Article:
When the cocking lever is fully retracted a small red plunger, signifying the handgun is in the single-action mode and ready to fire, is visible near the top, rear of the frame. For double-action operation, the Rhino requires only that the trigger be pulled. One difference, however, between the Rhino and conventional revolvers with hammers it that the progression of the trigger pull cannot be observed.
Ironically, the Rhino is uncocked like conventional revolvers: while maintaining a grip on the cocking lever, pull it rearward while depressing the trigger. Then, ease the cocking lever and the trigger forward together. This reverts the revolver to double-action operation.
To the left of the cocking lever, which is notched to serve as a rear sight, is the cylinder-release latch. Depressing the latch frees the cylinder, similar to how the safety of an M1911 is disengaged. It is easily pushed clear of the frame using a single finger. With the cylinder free the ejector rod is visible at the front of the crane for case or cartridge removal—nothing new here.
The Rhino’s ejector rod, crane, cylinder and barrel are steel; however, the frame, which fully encases the barrel, is aluminum alloy. A one-piece, rubber-like boot-style stock fits over the grip frame, and it is held in place by a single screw at the base. The material is soft, pliable and comfortable, but seems a bit under-engineered compared to the rest of this abnormal revolver.
Two other Rhino characteristics worthy of note are the shape of the trigger and the positioning of the cylinder in relation to the hands. The trigger is wide—almost a half inch, which is comfortable and reduces the perceived effort required to pull it. Because the grip axis is closer to the cylinder, you need to make a mental note to keep the thumb of your non-shooting hand behind the gap between the cylinder and the barrel.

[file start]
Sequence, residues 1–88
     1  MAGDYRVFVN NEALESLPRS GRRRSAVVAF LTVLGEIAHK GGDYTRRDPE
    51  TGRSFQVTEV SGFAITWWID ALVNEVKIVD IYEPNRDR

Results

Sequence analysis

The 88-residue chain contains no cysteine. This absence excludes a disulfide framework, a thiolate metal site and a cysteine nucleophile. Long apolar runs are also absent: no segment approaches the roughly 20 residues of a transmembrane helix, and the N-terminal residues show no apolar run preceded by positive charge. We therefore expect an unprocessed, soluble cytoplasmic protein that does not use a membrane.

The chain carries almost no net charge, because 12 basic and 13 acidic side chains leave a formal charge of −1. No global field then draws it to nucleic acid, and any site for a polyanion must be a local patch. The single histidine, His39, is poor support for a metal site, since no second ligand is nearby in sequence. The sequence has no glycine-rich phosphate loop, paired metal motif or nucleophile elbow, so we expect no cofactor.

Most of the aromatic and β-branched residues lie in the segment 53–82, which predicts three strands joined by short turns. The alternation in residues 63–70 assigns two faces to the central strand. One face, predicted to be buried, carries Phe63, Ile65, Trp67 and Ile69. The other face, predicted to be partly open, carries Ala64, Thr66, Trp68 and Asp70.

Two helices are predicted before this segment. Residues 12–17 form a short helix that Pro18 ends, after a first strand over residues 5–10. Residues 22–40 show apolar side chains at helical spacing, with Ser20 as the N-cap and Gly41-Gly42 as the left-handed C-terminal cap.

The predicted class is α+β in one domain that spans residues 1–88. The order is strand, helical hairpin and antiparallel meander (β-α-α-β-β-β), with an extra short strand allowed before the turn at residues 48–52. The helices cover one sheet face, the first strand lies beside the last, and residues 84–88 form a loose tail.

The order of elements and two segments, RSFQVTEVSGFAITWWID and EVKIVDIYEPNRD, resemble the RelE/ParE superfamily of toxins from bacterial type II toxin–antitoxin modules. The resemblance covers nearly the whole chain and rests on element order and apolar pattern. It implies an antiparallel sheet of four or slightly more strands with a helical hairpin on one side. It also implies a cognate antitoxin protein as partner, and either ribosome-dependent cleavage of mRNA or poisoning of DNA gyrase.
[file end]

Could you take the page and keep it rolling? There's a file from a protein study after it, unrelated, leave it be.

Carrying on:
The action of the Rhino was not flawless, but smoother than many modern double-action revolvers. According to my trigger-pull gauge, double-action operation required a 10-pound, 8-ounce pull, and it was about half that when the revolver was fired in the single-action mode. My wife typically has issues with a 10-pound trigger pull, but the Rhino’s wide trigger seemed to help reduce the effort required to work the action.
At The Range
During accuracy testing, I was surprised by how much the lower barrel axis dampened recoil and controlled muzzle flip. Still, I thought full-house, .357 Mag. loads would rock the Rhino. I was wrong. I could feel the bite in the palm of my hand from the Federal 180-grain jacketed hollow-point loads, but muzzle rise was negligible.
Accuracy testing complete, I moved on to shooting the Rhino in a manner more consistent with what the handgun was designed for: self-defense. Starting at the low ready position and using the .38 Spl., 110-grain Critical Defense +P loads, I found that I could keep three shots inside an 8-inch circle at 10 yards in less than two seconds. My best time on this drill with the Chief’s Special was a half-second faster, but with one miss. The real surprise, though, came with the 180-grain, .357 Mag. loads. I put six shots inside an 8-inch circle in 3.1 seconds—a full second faster than I was capable of performing with a Ruger SP 101 in .327 Fed. Mag., or even with a 4-inch S&W Model 10 in .38 Spl. using the 110-grain +P loads.